You can see Vrana Park and Palace for free till the end of June 2013
Vrana palace is located on the outskirts of the capital city of Sofia, along the Sofia-Istanbul international highway, and its park covers an area of around 100 hectars.
After Bulgaria’s liberation in 1878, Chardakliya – a Turkish homestead of long-standing, became property of Bone Petrov –a local man of wealth. He auctioned the estate and it was sold to Georgi Stranski, who was in possession of it for three weeks. In January 1899, Prince Ferdinand I bought the Chardakliya homestead and subsequently purchased adjacent plots of land.
A modern two-storey villa, designed by architect Georgi Filov, was built at the royal estate in 1906. The architectural design combines an exquisite interpretation of the Plovdiv baroque with Viennese decorative elements, and is considered one of the masterpieces of Bulgarian architecture from the beginning of the 20th century. The construction of the residence building was coupled with land development for farming purposes and related construction work on large areas. Greenhouses and even a small zoo were built.
In 1900, the ambition of the Prince to create a model homestead kick-started the park development with the planting and afforestation of decorative species. Another lake and several rock-gardens were added to the landscape. The activity involved Bulgarian and foreign landscape architects, but there was no general landscape design of the park.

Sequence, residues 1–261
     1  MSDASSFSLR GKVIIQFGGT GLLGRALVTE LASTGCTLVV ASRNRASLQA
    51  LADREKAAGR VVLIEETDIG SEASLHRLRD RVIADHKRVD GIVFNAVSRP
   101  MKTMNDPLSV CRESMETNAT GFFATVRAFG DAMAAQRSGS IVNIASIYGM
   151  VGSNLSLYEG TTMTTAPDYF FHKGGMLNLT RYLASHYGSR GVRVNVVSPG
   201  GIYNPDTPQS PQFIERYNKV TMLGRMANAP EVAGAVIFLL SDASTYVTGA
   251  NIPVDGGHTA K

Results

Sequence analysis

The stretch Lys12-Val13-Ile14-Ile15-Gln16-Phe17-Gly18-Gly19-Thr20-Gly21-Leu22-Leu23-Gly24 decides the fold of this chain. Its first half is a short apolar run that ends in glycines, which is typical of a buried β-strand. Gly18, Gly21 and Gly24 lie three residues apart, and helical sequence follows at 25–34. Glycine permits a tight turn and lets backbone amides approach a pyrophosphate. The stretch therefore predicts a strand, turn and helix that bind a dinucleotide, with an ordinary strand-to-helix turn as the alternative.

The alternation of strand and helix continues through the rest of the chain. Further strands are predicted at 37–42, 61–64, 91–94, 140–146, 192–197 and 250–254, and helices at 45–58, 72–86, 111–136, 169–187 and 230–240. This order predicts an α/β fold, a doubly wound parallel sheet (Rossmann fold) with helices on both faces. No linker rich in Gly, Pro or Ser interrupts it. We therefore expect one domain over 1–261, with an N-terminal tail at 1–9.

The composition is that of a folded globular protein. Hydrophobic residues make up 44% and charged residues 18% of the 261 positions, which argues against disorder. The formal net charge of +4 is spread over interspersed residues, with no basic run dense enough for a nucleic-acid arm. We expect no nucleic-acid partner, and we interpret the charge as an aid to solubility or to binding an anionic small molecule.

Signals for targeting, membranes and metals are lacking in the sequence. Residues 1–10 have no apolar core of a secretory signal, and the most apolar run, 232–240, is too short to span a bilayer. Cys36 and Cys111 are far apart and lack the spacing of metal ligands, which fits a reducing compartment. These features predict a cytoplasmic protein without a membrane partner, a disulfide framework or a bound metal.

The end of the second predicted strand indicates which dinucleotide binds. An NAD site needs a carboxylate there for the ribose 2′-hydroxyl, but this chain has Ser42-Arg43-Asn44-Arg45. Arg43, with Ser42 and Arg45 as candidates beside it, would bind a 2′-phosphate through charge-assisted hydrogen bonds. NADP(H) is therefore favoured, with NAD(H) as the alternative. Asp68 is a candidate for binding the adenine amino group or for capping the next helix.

The construction of the royal palace, designed by architect Nikola Lazarov, took place between 1912 and 1914. Its architecture is an interpretation of Byzantine and 19-century Bulgarian revival-style influences, combined with art nouveau and French classicism. This sophisticated architectural language is subject to a consistently executed baroque composition, extrapolated to the park surroundings with ponds and floral decorative compositions.
In 1912, the homestead was formally renamed Vrana palace. Landscape architect Anton Kraus was entrusted with the design and park development. He skillfully arranged the composition followinf the classical practices of the 19th century art of landscape design. His works display an aspiration to create a kind of a botanical garden, and he was aided in this by Alaricus Delmard, Johann Kelerer and in particular by the natural scientist King Ferdinand I.
The three-dimensional and volumetric composition of Vrana as a decorative landscape design of botanical nature was completed in broad outline by 1920.
In the years that followed, the newly created park underwent improvements in some of its elements and fresh details were added to its unique silhouette and colour scheme landscape, which offers marvelous views in perspective, as designed by Wilhelm Schaht.
The Vrana park and palace in their artistic fusion represent a masterpiece of Bulgarian landscape architecture and the art of gardening.
Location: 381 Tsarigradsko shose blv., Sofia
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